Baby with Down's Syndrome

Down syndrome, also called Trisomy 21, is a condition in which a baby is born with an extra chromosome. Chromosomes contain hundreds, or even thousands, of genes. Genes carry the information that determines your traits i.e. characteristics passed on to you from your parents.

Baby with Down's Syndrome

Down syndrome, also called Trisomy 21, is a condition in which a baby is born with an extra chromosome. Chromosomes contain hundreds, or even thousands, of genes. Genes carry the information that determines your traits i.e. characteristics passed on to you from your parents.

Down syndrome, also called Trisomy 21, is a condition in which a baby is born with an extra chromosome. Chromosomes contain hundreds, or even thousands, of genes. Genes carry the information that determines your traits i.e. characteristics passed on to you from your parents. With Down syndrome, the extra chromosome causes delays in the way a child develops, mentally and physically.

The physical features and medical problems associated with Down syndrome can vary from child to child. While some kids with Down syndrome need a lot of medical attention. Though Down syndrome can't be prevented, it can be detected before a child is born. The health problems that may go along with Down syndrome can be treated, and many resources are available to help kids and their families who are living with the condition.

Women older than 35 are more likely to give birth to a child with Down syndrome. Normally, there are two copies of every chromosome. In Down syndrome, there are three copies, either complete or partial, of chromosome 21. The characteristics of Down syndrome include low muscle tone, short stature, a flat nasal bridge, and a protruding tongue. Babies with Down syndrome have a higher risk of some conditions, including Alzheimer's disease and epilepsy. Doctors can use screening tests during pregnancy to estimate the probability that a child will have Down syndrome.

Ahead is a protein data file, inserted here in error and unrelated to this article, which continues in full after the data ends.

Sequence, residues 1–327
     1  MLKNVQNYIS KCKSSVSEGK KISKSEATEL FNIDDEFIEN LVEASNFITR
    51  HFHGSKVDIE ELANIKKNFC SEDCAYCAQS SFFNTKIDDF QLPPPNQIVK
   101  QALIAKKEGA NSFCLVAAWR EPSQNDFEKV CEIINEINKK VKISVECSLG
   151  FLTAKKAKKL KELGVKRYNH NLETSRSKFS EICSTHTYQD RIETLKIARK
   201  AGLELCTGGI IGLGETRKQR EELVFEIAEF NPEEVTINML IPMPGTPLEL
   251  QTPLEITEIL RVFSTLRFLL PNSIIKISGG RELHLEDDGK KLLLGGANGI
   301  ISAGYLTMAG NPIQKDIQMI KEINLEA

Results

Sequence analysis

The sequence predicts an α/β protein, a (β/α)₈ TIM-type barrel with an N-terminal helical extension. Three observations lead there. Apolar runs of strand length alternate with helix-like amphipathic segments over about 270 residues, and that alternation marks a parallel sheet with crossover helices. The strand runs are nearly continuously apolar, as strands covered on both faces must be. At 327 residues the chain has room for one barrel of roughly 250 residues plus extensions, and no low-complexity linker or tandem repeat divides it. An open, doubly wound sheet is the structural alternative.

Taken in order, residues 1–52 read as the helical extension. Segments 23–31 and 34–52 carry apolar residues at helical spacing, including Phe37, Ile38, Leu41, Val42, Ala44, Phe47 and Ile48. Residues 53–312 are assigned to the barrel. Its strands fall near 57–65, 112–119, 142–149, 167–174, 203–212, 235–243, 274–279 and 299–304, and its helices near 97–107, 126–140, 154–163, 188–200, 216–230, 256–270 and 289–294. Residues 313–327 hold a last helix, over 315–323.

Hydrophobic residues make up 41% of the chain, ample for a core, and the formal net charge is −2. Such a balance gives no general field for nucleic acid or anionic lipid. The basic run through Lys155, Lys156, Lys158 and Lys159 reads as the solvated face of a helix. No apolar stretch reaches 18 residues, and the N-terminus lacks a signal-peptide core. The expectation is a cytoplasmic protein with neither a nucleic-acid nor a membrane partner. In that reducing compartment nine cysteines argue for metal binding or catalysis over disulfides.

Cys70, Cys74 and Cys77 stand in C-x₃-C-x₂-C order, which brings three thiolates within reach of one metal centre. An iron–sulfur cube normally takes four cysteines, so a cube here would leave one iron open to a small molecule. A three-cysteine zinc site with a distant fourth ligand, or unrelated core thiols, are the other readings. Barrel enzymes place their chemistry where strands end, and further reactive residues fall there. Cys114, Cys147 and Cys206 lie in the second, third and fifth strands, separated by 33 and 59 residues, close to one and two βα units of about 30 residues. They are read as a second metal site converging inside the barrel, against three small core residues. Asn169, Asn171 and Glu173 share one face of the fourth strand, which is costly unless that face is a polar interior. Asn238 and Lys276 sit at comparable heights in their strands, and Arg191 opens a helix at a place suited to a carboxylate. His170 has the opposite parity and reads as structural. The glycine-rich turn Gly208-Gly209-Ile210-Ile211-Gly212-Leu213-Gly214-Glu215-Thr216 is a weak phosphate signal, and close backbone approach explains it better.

What is Down Syndrome?

Down syndrome is a condition in which a baby has an extra chromosome. Chromosomes are small “packages” of genes in the body. They determine how a baby’s body forms during pregnancy and how the baby’s body functions as it grows in the womb and after birth. Typically, a baby is born with 46 chromosomes. Baby with Down syndrome have an extra copy of one of these chromosomes, chromosome 21. A medical term for having an extra copy of a chromosome is ‘trisomy.’ Down syndrome is also referred to as Trisomy 21. This extra copy changes how the baby’s body and brain develop, which can cause both mental and physical challenges for the baby.

Even though baby with Down syndrome might act and look similar, each person has different abilities. Baby with Down syndrome usually have an IQ (a measure of intelligence) in the mildly-to-moderately low range and are slower to speak than other children.

Types of Down Syndrome in Babies

There are three types of Down syndrome. People often can’t tell the difference between each type without looking at the chromosomes because the physical features and behaviors are similar.

  • Trisomy 21 - About 95% of people with Down syndrome have Trisomy 21. With this type of Down syndrome, each cell in the body has 3 separate copies of chromosome 21 instead of the usual 2 copies.
  • Translocation Down syndrome - This type accounts for a small percentage of people with Down syndrome i.e. about 3%. This occurs when an extra part or a whole extra chromosome 21 is present, but it is attached or “trans-located” to a different chromosome rather than being a separate chromosome 21.
  • Mosaic Down syndrome - This type affects about 2% of the people with Down syndrome. Mosaic means mixture or combination. For children with mosaic Down syndrome, some of their cells have 3 copies of chromosome 21, but other cells have the typical two copies of chromosome 21. Children with mosaic Down syndrome may have the same features as other children with Down syndrome. However, they may have fewer features of the condition due to the presence of some or many cells with a typical number of chromosomes.

Causes of Down Syndrome in Babies

In cases of reproduction, both parents pass their genes on to their children. These genes are carried in chromosomes. When the baby’s cells develop, each cell is supposed to receive 23 pairs of chromosomes, for 46 chromosomes total. Half of the chromosomes are from the mother, and half are from the father. In children with Down syndrome, one of the chromosomes doesn’t separate properly. The baby ends up with three copies, or an extra partial copy, of chromosome 21, instead of two. This extra chromosome causes problems as the brain and physical features develop.